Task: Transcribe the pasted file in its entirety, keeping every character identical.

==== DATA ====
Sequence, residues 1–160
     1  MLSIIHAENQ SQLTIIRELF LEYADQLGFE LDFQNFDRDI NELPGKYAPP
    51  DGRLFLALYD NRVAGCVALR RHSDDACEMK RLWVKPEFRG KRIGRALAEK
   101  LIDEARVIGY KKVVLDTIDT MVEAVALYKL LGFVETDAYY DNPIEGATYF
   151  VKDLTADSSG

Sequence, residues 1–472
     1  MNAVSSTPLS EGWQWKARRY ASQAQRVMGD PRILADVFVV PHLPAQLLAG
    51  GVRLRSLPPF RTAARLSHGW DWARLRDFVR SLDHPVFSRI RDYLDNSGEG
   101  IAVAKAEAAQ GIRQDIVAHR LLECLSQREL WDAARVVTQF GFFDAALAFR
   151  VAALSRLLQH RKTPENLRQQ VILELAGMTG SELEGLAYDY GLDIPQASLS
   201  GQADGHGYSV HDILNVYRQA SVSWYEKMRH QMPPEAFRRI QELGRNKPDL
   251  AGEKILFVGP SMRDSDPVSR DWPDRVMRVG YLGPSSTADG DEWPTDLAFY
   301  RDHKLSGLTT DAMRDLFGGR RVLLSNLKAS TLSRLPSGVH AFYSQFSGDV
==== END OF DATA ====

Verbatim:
Sequence, residues 1–160
     1  MLSIIHAENQ SQLTIIRELF LEYADQLGFE LDFQNFDRDI NELPGKYAPP
    51  DGRLFLALYD NRVAGCVALR RHSDDACEMK RLWVKPEFRG KRIGRALAEK
   101  LIDEARVIGY KKVVLDTIDT MVEAVALYKL LGFVETDAYY DNPIEGATYF
   151  VKDLTADSSG

Sequence, residues 1–472
     1  MNAVSSTPLS EGWQWKARRY ASQAQRVMGD PRILADVFVV PHLPAQLLAG
    51  GVRLRSLPPF RTAARLSHGW DWARLRDFVR SLDHPVFSRI RDYLDNSGEG
   101  IAVAKAEAAQ GIRQDIVAHR LLECLSQREL WDAARVVTQF GFFDAALAFR
   151  VAALSRLLQH RKTPENLRQQ VILELAGMTG SELEGLAYDY GLDIPQASLS
   201  GQADGHGYSV HDILNVYRQA SVSWYEKMRH QMPPEAFRRI QELGRNKPDL
   251  AGEKILFVGP SMRDSDPVSR DWPDRVMRVG YLGPSSTADG DEWPTDLAFY
   301  RDHKLSGLTT DAMRDLFGGR RVLLSNLKAS TLSRLPSGVH AFYSQFSGDV